Optimizing thermal management design of electric vehicles using CFD simulation

    Laura Trappolini     ウェビナービデオ     12.03.2021



Over the past few years, the automotive industry has witnessed massive electrification. Driven by governments and regulatory bodies, carmakers are rolling out drastic changes on their vehicle fleets: from hybridization of systems to a full ban of internal combustion engines and 100% electrification. Electric vehicles (EVs) are the driving force in the ongoing revolution, ushering in a new era of travel that is efficient, affordable, clean, and green.  

However, electrifying transportation isn’t as simple as just flipping a switch. Developing electric vehicles with adequate range and fast-charge capabilities is a great endeavor. One of its main challenges is an efficient control of the heating elements. Designing the most appropriate thermal management system while keeping costs, time, and competitive edge under control, requires new engineering methodologies where simulation plays an important role.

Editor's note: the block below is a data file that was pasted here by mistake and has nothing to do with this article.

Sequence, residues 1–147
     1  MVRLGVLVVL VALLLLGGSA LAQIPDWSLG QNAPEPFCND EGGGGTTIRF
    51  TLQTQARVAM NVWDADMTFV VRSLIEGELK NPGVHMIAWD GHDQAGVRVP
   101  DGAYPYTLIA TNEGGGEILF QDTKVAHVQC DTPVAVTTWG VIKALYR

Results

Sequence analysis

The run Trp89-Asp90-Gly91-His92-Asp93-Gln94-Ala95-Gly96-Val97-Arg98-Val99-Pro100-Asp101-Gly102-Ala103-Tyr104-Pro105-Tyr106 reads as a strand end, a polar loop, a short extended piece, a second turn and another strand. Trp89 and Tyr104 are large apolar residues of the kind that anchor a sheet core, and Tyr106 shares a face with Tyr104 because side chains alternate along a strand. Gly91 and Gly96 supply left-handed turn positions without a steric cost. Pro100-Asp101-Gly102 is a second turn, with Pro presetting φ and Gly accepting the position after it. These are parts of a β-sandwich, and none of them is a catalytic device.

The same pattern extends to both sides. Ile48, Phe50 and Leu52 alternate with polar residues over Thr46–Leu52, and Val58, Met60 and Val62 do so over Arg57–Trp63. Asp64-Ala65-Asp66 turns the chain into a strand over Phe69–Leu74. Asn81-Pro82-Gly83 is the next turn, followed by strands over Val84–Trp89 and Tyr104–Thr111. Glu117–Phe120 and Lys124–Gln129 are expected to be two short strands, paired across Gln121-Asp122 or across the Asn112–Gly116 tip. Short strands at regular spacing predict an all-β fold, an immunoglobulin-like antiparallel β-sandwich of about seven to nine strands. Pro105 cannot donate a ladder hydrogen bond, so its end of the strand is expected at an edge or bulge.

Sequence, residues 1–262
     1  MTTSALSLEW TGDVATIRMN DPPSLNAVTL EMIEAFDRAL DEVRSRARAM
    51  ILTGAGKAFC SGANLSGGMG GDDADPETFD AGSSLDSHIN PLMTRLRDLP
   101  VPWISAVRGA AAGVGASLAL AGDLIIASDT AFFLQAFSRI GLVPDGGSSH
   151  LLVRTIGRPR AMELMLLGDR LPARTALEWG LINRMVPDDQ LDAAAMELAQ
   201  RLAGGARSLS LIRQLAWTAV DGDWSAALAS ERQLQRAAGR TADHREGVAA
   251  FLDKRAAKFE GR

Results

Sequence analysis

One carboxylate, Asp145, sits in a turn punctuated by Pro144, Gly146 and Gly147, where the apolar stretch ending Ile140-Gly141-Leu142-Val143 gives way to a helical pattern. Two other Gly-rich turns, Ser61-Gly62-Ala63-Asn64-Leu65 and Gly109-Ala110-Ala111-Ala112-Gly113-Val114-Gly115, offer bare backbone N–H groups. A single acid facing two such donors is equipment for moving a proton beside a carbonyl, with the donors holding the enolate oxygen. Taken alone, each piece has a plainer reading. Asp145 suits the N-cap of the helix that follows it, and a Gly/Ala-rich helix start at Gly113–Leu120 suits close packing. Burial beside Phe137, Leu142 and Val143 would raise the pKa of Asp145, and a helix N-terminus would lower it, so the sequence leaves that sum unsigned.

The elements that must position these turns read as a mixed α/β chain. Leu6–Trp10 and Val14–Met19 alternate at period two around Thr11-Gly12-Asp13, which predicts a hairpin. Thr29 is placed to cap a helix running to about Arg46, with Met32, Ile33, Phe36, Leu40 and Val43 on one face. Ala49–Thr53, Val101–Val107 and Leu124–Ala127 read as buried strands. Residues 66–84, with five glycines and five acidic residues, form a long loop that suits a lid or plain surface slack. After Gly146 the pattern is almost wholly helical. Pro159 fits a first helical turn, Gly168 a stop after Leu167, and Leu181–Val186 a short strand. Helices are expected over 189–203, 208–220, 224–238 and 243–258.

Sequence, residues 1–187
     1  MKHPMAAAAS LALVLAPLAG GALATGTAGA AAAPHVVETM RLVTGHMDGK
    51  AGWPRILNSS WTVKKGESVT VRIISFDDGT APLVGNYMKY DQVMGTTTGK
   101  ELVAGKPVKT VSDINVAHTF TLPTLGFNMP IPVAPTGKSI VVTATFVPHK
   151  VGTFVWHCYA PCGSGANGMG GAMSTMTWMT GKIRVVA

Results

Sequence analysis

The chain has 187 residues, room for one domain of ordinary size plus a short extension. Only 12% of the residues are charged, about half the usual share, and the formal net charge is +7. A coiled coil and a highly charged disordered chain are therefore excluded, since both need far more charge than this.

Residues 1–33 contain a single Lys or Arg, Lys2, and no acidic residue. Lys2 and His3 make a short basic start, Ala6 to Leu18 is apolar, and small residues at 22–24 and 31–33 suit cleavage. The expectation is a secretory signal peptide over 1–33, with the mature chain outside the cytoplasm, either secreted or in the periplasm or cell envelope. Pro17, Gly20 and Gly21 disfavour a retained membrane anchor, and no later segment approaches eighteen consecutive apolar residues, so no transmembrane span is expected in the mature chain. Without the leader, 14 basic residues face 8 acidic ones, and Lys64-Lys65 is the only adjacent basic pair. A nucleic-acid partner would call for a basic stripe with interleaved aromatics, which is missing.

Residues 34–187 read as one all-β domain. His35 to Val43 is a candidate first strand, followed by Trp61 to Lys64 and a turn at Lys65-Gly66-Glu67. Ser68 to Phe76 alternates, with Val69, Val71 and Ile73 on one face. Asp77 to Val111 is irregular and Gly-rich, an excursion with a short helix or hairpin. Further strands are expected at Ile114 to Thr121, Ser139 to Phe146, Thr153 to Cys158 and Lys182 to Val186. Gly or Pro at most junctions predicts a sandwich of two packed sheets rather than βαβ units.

How to optimize heat transfer and carefully monitor temperature ranges of all components of EV motors and batteries

From geometry preparation all the way to dedicated post-processing, OMNIS™ provides a robust, easy-to-use framework for the analysis and simulation of all electric components. With significantly reduced engineering and CPU time thanks to the fastest solvers and highly automated workflows, engineers can focus more time on the actual design challenges of new mobility solutions.

During this 30-minutes webinar we will show you:

  • An introduction to EV battery and electric motor technologies.

  • How to automatically generate conformal meshes for both fluid and solid components.

  • How to easily set up thermal simulations.

  • How to monitor heat transfer and maximum temperature in the various components.




Laura graduated as Mechanical Engineer with a specialization in Energy from the Belgian University of Mons. She joined NUMECA international in 2015. For the first 3 years, she worked as a Turbomachinery Application Engineer. Today, she manages the Multiphysics Product and Application Group.